Feeling glum about the prospects for democracy in either Greece/the EU or the UK Labour Party, I sought solace in visiting the location of an exciting scene from the defence of democracy in ancient Kerkyra (Corfu).
The plan was to find some tiles on the island in order to help me reimagine, if not reconstruct by nifty photo-montaging, my favourite sentence in the ancient historian Thucydides’ History of the Peloponnesian War.
|"ANYONE FANCY A TILE FIGHT with the OLIGARCHS?"|
During the civil war in 427 BCE, there was a street battle in Corfu’s main town between the groups supporting the oligarchs and the democrats respectively. Thucydides, whose usual policy is to ignore women, describes how not only slaves but women on the democratic side joined in the actual fighting: ‘the woman also entered the fray with great daring, hurling down tiles from the roof-tops and standing up to the din with a courage that went beyond what was natural to their sex’ (3.74).
|CORFU ARCHAELOGICAL MUSEUM: VICTIM OF AUSTERITY|
Having identified as venue an antique central street with plenty of promising tiled roofs, we went to the island’s famous Archaeological Museum hoping to photo a tile or two from the fifth-century BCE. Guess what? The Museum is now closed indefinitely. A huge padlock and chain locks its gates. The sign lies in the dust, already rusting.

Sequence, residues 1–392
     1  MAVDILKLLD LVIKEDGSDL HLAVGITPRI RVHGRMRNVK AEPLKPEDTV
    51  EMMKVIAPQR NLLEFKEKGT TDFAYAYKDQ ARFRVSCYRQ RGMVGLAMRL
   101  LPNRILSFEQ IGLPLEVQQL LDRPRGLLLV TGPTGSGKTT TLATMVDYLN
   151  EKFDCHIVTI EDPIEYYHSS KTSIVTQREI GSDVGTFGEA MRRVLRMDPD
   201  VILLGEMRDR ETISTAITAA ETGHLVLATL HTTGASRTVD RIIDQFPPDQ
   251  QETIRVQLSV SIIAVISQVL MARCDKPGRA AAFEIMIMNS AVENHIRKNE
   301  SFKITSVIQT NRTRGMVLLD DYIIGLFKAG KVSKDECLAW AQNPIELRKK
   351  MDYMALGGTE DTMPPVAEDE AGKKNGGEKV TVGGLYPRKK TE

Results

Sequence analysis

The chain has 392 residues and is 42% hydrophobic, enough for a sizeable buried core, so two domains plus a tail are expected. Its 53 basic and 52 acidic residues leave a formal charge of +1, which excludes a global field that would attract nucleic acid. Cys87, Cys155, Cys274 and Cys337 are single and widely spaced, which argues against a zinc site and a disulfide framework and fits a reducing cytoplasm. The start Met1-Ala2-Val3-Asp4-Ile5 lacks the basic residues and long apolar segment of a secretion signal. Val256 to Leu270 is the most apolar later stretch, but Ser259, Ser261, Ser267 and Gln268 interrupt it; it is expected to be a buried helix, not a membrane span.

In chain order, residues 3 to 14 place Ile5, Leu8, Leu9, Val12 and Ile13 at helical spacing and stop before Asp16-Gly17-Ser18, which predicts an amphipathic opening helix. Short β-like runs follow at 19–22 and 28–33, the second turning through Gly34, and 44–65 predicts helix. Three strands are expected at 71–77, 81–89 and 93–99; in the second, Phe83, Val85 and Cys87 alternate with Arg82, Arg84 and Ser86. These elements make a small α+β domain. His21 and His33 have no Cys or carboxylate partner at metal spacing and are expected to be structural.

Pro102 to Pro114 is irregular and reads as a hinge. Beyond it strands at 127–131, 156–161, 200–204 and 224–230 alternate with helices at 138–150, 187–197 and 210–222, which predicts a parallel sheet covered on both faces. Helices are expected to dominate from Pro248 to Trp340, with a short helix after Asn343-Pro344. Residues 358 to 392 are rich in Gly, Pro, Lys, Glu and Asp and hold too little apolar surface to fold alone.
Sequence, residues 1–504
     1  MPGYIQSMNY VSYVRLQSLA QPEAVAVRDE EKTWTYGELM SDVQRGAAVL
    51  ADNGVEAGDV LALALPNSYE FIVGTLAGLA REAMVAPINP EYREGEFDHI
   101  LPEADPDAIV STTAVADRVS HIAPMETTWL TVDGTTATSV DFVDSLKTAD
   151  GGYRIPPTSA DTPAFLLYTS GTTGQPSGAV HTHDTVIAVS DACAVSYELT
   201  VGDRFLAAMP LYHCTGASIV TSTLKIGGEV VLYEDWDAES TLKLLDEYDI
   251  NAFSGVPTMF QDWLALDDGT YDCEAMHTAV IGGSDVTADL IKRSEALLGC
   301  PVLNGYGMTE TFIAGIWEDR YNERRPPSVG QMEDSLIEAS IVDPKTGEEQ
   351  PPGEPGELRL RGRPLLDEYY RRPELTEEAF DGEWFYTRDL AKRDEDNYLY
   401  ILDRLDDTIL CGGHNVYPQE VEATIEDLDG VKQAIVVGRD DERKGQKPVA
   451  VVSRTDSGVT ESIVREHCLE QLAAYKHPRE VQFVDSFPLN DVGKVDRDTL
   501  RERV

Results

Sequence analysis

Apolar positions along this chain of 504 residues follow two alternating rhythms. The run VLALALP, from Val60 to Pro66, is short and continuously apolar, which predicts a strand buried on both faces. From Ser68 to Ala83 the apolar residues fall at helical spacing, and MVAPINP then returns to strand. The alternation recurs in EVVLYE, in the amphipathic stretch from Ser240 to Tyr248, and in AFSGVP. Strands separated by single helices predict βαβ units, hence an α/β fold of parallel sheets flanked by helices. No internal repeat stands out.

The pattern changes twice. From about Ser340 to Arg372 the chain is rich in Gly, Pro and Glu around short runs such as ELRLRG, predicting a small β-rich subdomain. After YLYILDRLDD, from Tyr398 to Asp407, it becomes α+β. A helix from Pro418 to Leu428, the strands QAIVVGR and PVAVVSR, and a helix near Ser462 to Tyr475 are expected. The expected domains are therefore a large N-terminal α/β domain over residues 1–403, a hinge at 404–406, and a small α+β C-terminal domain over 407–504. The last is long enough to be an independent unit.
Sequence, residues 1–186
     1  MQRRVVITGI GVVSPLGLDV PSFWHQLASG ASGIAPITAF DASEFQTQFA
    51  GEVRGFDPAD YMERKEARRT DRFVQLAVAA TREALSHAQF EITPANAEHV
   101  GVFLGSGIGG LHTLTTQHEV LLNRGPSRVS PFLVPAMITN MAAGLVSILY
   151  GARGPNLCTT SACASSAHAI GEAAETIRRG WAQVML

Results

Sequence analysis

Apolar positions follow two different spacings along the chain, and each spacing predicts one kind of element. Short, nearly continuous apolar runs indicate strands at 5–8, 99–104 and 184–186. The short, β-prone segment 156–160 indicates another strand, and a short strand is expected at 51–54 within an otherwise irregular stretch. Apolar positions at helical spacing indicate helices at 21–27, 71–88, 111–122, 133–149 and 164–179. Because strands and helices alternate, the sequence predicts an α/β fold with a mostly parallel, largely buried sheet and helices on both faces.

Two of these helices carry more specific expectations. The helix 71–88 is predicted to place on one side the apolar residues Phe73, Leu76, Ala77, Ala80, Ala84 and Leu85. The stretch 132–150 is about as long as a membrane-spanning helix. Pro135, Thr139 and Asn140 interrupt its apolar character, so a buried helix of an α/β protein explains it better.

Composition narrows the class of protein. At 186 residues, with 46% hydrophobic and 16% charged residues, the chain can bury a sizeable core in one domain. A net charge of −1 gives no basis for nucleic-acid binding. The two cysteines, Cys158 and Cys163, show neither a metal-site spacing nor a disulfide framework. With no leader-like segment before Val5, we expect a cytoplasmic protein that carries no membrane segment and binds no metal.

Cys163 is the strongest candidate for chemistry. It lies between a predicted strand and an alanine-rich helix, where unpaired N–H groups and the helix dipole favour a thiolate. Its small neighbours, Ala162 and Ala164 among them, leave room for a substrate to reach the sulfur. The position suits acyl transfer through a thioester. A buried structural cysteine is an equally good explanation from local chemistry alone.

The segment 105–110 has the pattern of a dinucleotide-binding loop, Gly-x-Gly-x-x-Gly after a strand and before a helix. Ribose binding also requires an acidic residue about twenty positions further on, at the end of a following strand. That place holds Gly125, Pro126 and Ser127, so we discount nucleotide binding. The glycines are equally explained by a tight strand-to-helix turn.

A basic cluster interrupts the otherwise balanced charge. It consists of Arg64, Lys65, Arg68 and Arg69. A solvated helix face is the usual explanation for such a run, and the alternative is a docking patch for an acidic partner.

The staff, as public servants, cannot be paid thanks to the Eurocrats who worship Kapital and despise Greek democratic processes. So the very cultural resources underpinning the tourist industry, crucial to any prospect of Greek economic recovery, are being made unavailable through Austerity.
|ARTEMIS OF CORFU|
I tried to console myself with online images of the indomitable animal-taming Artemis, from the magnificent western pediment of the archaic local temple, which tourists like me can no longer see at the museum. I like to think it was she-god images like this which inspired the democratic women of 5th-century Corfu to put two fingers up—and throw tiles down—at the rich elite forces opposing them. Eurocrats beware: offending Artemis is always risky. Just ask the Atridae.
I note your comment that Thucydides' 'usual policy is to ignore women', a suggestion I have seen elsewhere. Yet surely Thucydides was writing neither an Arabian Nights-style fantasy full of scheming viziers and crafty courtesans (like part of Herodotus' work), nor a modern-style general history of 5th-century Greece (in which social and cultural aspects, as well as politics and war, would very properly be covered), but a tightly focused account of a specific conflict. Given that women neither fought (except on very rare occasions such as the one you mention), nor spoke in the assembly, I am unclear as to which aspects of their role in the Peloponnesian War you think Thucydides could reasonably have been expected to include.ReplyDelete